Questions About Egg Expiration Dates Answered
We associate eggs with farm fresh food and modern homesteaders, but the egg industry can seem far removed from the ways people have been enjoying and interacting with eggs for centuries. Beyond that, the ways that eggs are processed or handled in the United States differs from other countries, leading to confusion about washing, expiration dates, freshness and safety. At Falcon Packaging, we work with large and small egg producers and are here to help consumers understand the ins and outs of egg safety, with a heavy emphasis on enjoyment–who doesn’t love a great egg?
What kind of dates are on egg cartons for fresh eggs?
Most folks are familiar with the sell by date on egg cartons, a somewhat arbitrary date that is roughly 30 days from packaging. If the United States Department of Agriculture (USDA) logo is visible, then you know the federal government is involved, and the sell by date must be under 30 days from the packaging date. If you don’t see a USDA logo, then you know that the sell by date is chosen in line with state regulations–30 days from packing is still a safe assumption, but it can vary. Some folks call this date the “expiration date,” but technically, there are so many factors–the largest of which is storage–that contribute to the safety and freshness of eggs. This roughly 30-day limit is put in place for consumer safety and to provide a general guideline to egg consumers, but eggs are often perfectly fine to eat past the 30-day window.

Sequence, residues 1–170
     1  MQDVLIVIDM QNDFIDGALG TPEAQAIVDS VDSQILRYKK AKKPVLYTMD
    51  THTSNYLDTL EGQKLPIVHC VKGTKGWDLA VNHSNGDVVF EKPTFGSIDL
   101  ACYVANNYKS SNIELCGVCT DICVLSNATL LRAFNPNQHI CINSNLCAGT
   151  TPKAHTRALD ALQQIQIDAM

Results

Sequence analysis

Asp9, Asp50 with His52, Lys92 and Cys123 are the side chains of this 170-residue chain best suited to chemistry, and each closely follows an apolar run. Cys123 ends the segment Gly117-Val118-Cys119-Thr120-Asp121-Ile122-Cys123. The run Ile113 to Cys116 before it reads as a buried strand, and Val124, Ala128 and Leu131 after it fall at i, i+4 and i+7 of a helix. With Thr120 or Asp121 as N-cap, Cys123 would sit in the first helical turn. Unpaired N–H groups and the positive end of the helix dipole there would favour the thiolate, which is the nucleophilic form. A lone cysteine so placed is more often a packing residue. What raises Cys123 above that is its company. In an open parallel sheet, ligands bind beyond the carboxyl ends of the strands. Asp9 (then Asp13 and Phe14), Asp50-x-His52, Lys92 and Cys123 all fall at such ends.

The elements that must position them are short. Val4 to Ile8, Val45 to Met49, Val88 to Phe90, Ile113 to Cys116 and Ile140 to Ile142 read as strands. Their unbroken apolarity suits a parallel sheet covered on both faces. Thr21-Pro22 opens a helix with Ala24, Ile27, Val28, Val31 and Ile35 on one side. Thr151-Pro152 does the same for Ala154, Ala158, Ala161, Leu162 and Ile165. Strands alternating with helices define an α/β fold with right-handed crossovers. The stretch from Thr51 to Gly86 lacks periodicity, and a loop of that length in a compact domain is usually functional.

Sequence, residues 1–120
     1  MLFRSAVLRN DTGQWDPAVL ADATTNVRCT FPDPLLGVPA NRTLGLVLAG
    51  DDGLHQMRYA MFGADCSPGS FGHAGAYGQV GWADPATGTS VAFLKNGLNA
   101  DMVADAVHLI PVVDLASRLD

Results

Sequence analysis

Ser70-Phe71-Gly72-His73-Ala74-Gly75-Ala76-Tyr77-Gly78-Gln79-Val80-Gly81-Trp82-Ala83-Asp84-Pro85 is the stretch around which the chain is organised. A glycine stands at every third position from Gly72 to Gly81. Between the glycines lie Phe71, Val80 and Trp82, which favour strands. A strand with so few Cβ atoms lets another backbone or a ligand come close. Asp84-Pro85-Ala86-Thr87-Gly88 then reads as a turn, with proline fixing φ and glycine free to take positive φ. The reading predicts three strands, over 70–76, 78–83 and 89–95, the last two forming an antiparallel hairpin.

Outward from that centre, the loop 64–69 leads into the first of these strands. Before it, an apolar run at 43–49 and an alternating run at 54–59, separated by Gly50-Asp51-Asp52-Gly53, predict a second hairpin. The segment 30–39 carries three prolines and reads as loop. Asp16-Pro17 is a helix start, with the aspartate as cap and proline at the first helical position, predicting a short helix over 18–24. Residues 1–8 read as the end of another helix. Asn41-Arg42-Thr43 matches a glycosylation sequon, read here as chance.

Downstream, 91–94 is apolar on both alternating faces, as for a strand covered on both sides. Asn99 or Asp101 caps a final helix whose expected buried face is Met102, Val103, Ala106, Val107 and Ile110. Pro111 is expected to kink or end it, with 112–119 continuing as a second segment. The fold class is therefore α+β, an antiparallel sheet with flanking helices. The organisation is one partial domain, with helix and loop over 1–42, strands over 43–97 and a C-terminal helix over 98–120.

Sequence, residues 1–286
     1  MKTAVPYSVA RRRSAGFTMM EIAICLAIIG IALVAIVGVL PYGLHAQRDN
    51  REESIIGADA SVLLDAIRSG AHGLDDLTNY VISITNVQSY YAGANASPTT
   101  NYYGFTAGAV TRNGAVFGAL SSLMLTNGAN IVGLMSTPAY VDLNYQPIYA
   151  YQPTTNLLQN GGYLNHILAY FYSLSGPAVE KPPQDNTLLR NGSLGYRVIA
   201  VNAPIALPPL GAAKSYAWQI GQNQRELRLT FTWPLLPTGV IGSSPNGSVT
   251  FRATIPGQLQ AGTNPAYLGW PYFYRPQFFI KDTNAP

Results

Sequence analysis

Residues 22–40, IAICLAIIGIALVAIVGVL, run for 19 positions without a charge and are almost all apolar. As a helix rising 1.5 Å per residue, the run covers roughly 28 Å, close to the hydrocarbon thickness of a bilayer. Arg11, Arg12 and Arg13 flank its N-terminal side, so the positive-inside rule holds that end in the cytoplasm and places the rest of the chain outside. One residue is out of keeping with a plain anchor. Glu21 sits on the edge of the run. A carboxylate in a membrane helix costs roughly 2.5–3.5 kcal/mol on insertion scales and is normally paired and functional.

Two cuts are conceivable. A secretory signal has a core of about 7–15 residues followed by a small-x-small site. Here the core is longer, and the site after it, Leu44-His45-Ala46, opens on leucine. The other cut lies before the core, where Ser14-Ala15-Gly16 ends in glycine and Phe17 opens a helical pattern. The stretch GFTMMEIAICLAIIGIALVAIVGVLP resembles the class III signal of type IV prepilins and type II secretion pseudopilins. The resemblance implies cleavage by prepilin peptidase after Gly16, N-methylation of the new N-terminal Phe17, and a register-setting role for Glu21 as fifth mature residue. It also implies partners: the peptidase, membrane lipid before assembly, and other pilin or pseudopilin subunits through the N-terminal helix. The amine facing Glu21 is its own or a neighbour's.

Either above or below the sell by date, you’ll find the plant number. This identifier begins with a “P” and is followed by a few digits. The USDA makes a handy tool available so that you can search those numbers to know exactly where the eggs that make up your favorite meals were produced.
Another key date to look for is the Julian date–the date the eggs were packaged. This number typically follows the plant number and will always be three digits in length. It removes days of the week and months of the year, simplifying the full calendar year to 365 consecutive days. Each day of the year makes up one number in that range. So, for example, January 1st will be listed as “001” and December 31st will be listed as “365.” Using this method, it’s pretty easy to find out which day the eggs in your fridge were packaged. If the store you’re shopping in does a swift business, eggs could be pretty close to their packing date by the time they end up in your hands. You may also find the exact time of day that the eggs were packaged.
How long are eggs safe to eat after purchase?
According to countless industry sources, including the Egg Safety Center, refrigerated eggs can be safely eaten up to 4 or 5 weeks past their packaging date–the Julian date you’ll find on the carton. This date could fall outside of the printed expiration date.
Other sources say that as long as eggs are purchased before the sell-by or expiration date, they can be safely used at home for 3-5 weeks after purchase. That direction is assuming that the eggs are stored properly and kept cool. This might come as a surprise to some, but the truth about so-called “expiration dates” on eggs is that they deal more with food quality than they do with food safety. It’s also a way for stores to prevent spoiled food from being sold by having a concrete date to remove old eggs from cooler shelves.
Too many factors are involved that could make eggs safe or spoiled, so expiration dates are an informed guess. Just know that if stored correctly, eggs can last a long time. The best test is to crack them in a dish and check for any “off” odor or color. If there are any doubts at all about the egg’s safety, just toss it.
How long are eggs good after the sell-by date?
Like we mentioned above, expiration dates on egg cartons are there to ensure safety, and also indicate quality. It goes without saying that a fresher egg will be of a higher quality and more enjoyable to eat. That being said, so long as the eggs have been stored properly, they can generally be safely eaten as far as 2-3 weeks beyond the sell by or expiration date.